The National Labor Relations Act (NLRA) regulates numerous interactions related to to labor organizing. It allows employees to assert New Jersey sex discrimination claims against both employers and unions for unfair labor practices. Labor unions’ obligations under the NLRA include a duty of fair representation. A recent decision by the National Labor Relations Board (NLRB) addressed an employee’s claim that a labor union breached this duty by discriminating against her on the basis of sex. The ruling harshly criticized the administrative law judge (ALJ) who ruled in the union’s favor. The NLRB vacated the ALJ’s ruling, finding that he “erred by relying in part on improper bases in making his credibility determinations.” International Longshoremen’s Association, Local 28 (Ceres Gulf Inc.) (“ILA”), 366 NLRB No. 20 at 1 (Feb. 20, 2018).
Labor organizations commit an unfair labor practice when they “restrain or coerce employees in the exercise of the rights guaranteed” by the NLRA. 29 U.S.C. § 158(b)(1)(A). Courts have identified specific ways that labor unions might unlawfully interfere with employees’ NLRA rights. The U.S. Supreme Court has held that a union has a duty “to represent nonunion or minority union members…without hostile discrimination, fairly, impartially, and in good faith.” Steele v. Louisville & N. R. Co., 323 U.S. 192, 204 (1944). A union violates the duty of fair representation “when it acts in a manner that is ‘arbitrary, discriminatory, or in bad faith.’” Vaca v. Sipes, 386 U.S. 171, 207 (1967). The NLRB views a breach of the duty of fair representation as an unfair labor practice.
The charging party in ILA has been a member of the union since 2001, usually working as a truck driver. According to the ALJ’s ruling, she began receiving union work referrals again in 2015 after an eight-year “union employment break.” ILA at 2. She alleges that she asked the union’s training coordinator to put her in training classes offered by the union several times during 2016, but he refused all of her requests. She further alleges that the coordinator sexually harassed her “when she periodically stopped by [his] office to request training.” Id. at 3. She allegedly made 36 requests for training, and she experienced sexual harassment while making 10 of those requests. She filed a complaint with the NLRB, alleging breach of the duty of fair representation through sex discrimination. She claimed that the coordinator denied her training opportunities because of her sex, and also because she refused his advances.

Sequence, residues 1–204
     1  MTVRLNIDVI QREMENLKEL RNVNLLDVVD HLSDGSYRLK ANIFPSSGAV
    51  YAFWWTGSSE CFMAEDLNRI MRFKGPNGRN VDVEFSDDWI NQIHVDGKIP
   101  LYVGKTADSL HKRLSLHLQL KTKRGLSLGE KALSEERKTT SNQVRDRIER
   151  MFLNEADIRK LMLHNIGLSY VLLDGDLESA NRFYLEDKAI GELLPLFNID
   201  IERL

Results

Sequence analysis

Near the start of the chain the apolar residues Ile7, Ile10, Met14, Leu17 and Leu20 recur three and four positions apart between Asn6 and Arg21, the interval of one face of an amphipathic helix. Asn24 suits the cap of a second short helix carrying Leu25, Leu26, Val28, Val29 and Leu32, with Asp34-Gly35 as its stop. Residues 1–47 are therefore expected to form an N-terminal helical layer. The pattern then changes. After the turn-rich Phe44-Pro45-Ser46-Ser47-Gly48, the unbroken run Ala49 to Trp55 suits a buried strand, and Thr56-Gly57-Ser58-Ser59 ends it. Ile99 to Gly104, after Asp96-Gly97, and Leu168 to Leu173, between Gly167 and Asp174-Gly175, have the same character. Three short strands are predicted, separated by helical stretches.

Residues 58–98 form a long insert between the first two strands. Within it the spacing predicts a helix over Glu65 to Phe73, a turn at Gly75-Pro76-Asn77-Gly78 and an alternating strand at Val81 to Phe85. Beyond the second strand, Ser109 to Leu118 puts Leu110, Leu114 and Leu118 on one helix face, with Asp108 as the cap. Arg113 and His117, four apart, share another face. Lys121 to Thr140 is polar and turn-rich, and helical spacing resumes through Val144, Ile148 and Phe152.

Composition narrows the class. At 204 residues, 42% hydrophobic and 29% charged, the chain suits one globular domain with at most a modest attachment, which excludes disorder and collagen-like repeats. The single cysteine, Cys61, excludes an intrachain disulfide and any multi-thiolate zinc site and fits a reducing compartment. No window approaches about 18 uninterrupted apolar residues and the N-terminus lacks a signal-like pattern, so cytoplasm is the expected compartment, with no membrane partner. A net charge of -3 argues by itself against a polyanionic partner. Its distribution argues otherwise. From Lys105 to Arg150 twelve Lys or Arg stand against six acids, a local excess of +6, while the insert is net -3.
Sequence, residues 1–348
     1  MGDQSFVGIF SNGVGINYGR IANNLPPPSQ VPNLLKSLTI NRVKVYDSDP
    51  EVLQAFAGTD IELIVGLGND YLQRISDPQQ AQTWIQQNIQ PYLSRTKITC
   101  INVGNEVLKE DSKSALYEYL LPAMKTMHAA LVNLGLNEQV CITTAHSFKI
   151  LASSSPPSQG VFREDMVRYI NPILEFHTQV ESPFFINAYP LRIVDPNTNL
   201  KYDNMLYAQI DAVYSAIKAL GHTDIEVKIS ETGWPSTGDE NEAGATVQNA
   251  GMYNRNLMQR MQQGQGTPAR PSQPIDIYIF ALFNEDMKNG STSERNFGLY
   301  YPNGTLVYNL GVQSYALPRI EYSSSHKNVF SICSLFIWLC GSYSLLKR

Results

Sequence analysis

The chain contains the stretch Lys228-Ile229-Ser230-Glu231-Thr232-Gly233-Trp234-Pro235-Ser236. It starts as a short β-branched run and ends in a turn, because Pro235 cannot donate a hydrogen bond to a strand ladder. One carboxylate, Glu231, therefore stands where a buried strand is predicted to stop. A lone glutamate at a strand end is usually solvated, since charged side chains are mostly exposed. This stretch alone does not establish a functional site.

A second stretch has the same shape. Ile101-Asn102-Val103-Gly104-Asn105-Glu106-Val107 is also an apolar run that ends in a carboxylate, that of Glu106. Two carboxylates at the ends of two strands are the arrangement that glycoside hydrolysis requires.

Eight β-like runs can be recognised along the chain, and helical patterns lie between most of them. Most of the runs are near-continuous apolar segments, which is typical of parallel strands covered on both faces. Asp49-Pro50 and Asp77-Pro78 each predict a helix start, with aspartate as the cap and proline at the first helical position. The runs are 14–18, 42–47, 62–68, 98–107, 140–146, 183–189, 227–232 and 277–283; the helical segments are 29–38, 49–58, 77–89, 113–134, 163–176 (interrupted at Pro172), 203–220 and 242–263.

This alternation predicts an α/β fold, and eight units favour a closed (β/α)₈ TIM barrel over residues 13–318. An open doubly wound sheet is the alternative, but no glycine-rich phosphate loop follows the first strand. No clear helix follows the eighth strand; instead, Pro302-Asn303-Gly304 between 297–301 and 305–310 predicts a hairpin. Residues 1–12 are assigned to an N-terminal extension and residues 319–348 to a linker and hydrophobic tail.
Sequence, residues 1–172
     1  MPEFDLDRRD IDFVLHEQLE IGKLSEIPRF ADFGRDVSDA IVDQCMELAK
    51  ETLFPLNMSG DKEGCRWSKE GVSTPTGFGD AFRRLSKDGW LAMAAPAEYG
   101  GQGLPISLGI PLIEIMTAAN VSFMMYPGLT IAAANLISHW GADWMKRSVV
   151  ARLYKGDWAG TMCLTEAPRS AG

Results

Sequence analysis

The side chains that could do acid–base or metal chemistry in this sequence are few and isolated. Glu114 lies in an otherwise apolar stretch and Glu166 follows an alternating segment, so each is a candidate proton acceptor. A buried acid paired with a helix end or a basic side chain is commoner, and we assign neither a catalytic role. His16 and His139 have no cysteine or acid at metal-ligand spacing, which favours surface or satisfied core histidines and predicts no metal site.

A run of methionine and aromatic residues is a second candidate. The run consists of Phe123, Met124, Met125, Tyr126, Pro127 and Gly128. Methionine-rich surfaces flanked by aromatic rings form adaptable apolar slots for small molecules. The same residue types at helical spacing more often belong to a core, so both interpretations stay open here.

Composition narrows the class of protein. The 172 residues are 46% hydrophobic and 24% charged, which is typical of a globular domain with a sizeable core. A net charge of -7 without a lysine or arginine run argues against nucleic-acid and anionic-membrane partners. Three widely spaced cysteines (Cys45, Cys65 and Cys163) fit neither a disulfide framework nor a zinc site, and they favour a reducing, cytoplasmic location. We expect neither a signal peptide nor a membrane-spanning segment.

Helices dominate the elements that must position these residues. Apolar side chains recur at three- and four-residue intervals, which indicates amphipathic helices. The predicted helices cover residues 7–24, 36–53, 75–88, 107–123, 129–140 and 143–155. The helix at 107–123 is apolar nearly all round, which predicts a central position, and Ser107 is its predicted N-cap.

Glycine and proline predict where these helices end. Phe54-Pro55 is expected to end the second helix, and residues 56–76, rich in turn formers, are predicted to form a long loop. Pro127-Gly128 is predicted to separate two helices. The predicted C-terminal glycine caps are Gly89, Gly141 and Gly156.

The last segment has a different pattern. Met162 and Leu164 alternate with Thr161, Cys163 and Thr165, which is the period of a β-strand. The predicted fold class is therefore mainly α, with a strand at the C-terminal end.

The ALJ dismissed her complaint in its entirety, in part based on a conclusion that she did not present a credible case. The ruling described the charging party as “a tough woman who performs stevedoring work on the docks and previously drove a truck in Iraq.” Id. From this, the ALJ concluded that “[i]t is simply implausible that [she]…would have meekly allowed [him] to harass and assault her a whopping 10 times.” Id.
The General Counsel argued to the NLRB that the ALJ’s findings “were based on sex stereotypes and demonstrated bias.” Id. at 1. The NLRB agreed. It vacated the ruling and remanded the case with specific instructions to assign a different ALJ to hear the case.
If you are involved in a dispute with an employer in New Jersey or New York, the gender discrimination attorneys at the Resnick Law Group are available to help you. You can contact us today online, at 973-781-1204, or at 646-867-7997 to schedule a confidential consultation to discuss your case.
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NLRB Judge Rules in Favor of Workers in Wrongful Termination Claim, The New Jersey Employment Law Firm Blog, July 10, 2017